The Importance of Workplace Safety

You shouldn't have to worry about getting hurt every time you go to work.
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Workplace safety is so important that a government agency exists solely to monitor and regulate it. OSHA, or the Occupational Health and Safety Administration, was created in 1970 to oversee workplace safety. Its mandate is to provide businesses with awareness programs, education and legal guidelines to keep the American workforce safe. The agency also enforces the rules that it sets up. Safety is not just an issue in warehouses and factories. OSHA watches for workplace safety violations in offices, restaurants, retail stores and auto shops.


Employers have a basic moral obligation to provide for their workers' safety and well-being, regardless of any safety laws. It’s just the right thing to do, because you’re not going to get much work done if you’re dead or maimed. Chances are, you won’t even stick around very long if the workplace is a needlessly hazardous environment. Employers that provide workplace safety training and enact safety policies empower workers to do their best work in a safe manner. Employees who thoroughly understand the potential dangers of their work are more likely to perform tasks with confidence and up to standard. Workplace safety also provides a psychological comfort to workers, creating a more pleasant environment for them to work in.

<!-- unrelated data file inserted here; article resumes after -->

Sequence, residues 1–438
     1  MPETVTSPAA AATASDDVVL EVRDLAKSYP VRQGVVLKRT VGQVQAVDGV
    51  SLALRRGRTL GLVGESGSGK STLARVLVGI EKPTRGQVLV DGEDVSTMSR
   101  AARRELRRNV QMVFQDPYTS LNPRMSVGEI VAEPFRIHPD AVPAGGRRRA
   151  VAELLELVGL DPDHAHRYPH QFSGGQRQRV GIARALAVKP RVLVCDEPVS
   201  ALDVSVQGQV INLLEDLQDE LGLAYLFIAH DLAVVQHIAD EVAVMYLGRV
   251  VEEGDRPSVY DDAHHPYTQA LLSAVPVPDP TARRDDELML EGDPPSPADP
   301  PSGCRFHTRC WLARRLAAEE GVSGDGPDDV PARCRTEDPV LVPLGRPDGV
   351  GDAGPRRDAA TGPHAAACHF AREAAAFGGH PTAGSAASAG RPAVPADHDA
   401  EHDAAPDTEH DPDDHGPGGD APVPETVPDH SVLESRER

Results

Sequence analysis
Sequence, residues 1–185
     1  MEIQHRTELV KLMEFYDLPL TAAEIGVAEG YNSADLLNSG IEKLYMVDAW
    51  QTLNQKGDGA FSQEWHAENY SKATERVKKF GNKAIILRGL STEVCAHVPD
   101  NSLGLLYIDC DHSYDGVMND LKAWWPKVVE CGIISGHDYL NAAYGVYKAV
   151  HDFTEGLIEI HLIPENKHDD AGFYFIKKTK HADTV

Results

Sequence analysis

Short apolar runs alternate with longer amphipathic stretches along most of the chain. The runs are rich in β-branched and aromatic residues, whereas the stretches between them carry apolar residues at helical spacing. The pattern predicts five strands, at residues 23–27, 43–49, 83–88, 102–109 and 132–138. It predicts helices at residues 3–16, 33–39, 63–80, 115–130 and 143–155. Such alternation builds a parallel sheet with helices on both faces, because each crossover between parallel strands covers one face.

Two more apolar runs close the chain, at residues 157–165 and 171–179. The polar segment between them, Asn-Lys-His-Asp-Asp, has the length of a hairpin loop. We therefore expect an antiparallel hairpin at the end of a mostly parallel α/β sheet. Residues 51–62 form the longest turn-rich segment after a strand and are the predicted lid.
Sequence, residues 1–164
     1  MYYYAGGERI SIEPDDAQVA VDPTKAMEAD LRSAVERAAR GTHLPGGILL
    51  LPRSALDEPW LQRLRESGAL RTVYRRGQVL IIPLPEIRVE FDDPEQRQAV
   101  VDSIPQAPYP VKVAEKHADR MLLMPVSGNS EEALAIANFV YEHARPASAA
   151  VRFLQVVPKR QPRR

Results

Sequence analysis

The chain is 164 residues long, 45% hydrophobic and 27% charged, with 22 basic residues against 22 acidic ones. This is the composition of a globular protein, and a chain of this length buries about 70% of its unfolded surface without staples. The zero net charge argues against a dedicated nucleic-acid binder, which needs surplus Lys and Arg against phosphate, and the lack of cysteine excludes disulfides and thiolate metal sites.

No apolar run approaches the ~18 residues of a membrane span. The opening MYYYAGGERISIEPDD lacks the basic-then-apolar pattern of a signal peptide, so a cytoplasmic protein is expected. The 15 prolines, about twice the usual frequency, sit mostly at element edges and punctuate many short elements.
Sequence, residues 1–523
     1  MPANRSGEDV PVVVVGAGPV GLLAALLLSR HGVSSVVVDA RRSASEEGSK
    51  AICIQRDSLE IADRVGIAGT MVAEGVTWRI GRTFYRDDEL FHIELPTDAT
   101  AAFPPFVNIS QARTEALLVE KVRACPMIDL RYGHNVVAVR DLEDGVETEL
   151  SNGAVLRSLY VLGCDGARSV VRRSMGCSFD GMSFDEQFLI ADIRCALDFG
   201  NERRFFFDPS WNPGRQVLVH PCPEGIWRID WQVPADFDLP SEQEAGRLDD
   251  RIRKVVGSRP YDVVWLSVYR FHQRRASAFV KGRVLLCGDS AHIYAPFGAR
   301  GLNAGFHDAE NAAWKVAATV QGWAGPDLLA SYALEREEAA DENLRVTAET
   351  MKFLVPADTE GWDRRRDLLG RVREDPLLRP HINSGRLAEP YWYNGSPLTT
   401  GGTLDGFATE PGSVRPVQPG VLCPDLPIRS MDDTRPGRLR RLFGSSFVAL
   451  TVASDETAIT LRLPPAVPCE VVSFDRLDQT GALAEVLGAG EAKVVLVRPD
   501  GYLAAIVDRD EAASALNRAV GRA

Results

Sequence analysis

Workplace safety policies give employees standard operating procedures. Implementing a clear code of workplace safety eliminates needless debates and arguments over the "right way" to perform any task. Standardized procedure, which is central to workplace safety, also gives workers a common understanding of their jobs and the tasks they involve. This eliminates competition and corner-cutting, an allows workers to communicate more effectively. Productivity benefits from the common language that workplace safety provides, as workers know exactly how to perform certain tasks. The benefits carry on when training new employees is simplified.

Cutting Costs

Workplace safety policies save more money than they cost in the long run. Enforcing safety policies strengthens productivity and decreases the number of worker absences due to injuries. Safety programs and policies reduce costs associated with medical attention, insurance policies, workers' compensation, injury lawsuits and OSHA fees. They substantially decrease the need to rebuild or replace damaged or misused equipment. Additionally, by implementing workplace safety regulations, you reduce the risk of being shut down by regulatory authorities for safety violations.


No business wants to be known as "the place where that worker lost an arm last year," or "the shop down the street that got sued." An unsafe work environment eventually gets noticed, and the news can be more than unflattering. Customers stop coming when they believe a business doesn’t care about its staff -- or its customers. In the long run, it’s much better for a business to have the reputation of rigorous adherence to safety laws, than getting the job done quickly but haphazardly. Workplace safety is a form of positive PR for a business.

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